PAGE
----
Herman Cain: Under "Obamacare," "I'd Be Dead"
At a campaign stop on Thursday, GOP presidential contender Herman Cain told listeners that if the health care reform law had been fully implemented when he developed stage four colon and liver cancer, he'd be dead:
If Obamacare had been fully implemented when I caught cancer, I'd be dead and here's why. Here's why. I was able to go to the doctors that I wanted to go to. As fast as they could do the test. I didn't have to wait six months like you do in other countries to get a CAT scan, and sometimes people die before they get the CAT scan, because the cancer in my body was spreading so fast. But because I was able to get the treatment as soon as I could, and to get the quality care that I did, that's what has me alive today. You ought to be able to make those choices if you get a serious illness, not some bureaucrat in Washington, D.C.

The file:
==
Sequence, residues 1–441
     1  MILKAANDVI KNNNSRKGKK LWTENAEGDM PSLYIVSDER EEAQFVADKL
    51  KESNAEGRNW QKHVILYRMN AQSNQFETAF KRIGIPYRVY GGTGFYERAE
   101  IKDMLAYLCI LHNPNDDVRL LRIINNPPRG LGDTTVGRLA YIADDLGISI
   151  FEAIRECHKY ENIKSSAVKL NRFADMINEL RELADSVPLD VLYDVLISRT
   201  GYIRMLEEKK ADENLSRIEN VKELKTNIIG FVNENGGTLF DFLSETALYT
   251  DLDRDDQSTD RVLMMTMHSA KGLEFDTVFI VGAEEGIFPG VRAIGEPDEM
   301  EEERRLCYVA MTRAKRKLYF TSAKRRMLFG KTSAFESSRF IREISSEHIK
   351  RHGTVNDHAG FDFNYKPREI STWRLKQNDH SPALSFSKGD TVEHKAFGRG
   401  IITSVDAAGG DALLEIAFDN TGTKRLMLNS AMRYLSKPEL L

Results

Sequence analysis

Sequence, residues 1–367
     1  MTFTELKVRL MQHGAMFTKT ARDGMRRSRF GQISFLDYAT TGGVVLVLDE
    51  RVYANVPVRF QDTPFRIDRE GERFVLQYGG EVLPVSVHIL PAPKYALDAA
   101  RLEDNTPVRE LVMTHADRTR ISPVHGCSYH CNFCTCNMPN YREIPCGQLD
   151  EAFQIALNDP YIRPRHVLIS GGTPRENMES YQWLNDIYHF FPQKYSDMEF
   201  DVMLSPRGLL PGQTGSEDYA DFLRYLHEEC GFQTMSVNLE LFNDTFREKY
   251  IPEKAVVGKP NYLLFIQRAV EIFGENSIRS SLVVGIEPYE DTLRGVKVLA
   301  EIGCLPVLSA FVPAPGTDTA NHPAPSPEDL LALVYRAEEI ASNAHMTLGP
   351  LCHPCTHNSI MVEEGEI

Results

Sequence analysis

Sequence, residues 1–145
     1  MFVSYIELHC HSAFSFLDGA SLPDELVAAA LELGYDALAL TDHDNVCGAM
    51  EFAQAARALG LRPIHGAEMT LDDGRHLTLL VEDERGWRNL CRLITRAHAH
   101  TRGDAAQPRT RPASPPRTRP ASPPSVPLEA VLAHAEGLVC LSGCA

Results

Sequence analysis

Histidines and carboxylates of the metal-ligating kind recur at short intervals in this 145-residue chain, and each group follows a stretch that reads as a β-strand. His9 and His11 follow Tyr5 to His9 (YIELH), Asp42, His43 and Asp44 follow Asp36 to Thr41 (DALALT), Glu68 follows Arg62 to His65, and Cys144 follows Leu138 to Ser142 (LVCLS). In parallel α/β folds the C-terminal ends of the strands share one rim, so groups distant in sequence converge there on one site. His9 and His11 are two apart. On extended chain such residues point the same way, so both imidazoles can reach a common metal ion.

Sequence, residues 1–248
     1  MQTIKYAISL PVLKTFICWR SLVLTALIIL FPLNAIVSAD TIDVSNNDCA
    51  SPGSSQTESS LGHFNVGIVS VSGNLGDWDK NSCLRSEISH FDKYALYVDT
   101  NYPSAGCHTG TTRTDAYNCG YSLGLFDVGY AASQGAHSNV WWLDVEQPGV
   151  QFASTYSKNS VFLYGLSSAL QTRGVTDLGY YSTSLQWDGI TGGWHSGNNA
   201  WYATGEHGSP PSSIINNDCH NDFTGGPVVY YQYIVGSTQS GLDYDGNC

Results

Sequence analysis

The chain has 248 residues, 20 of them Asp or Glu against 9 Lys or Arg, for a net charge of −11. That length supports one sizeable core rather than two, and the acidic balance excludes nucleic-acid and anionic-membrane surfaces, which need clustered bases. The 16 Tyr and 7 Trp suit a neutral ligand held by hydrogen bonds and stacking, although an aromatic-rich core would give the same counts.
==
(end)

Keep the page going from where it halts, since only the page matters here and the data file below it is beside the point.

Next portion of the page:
Suggesting that the Affordable Care Act could result in six-month wait times or empower "some bureaucrat in Washington" to make personal health care decisions reveals Cain's complete lack of understanding of what the law actually contains. For one, it certainly doesn't keep people who can afford top-dollar care from choosing and paying for doctors.
What the Affordable Care Act does do is increase access to health care coverage so that other people (people without Cain's pizza fortune) who find themselves facing a diagnosis like Cain's can afford quality treatment. It also makes it illegal for insurance companies to drop patients diagnosed with serious (and expensive) illnesses based on unintentional errors on applications. It's kind of twisted that Cain uses his against-the-odds recovery to condemn a policy that could help others less fortunate than him beat similar obstacles.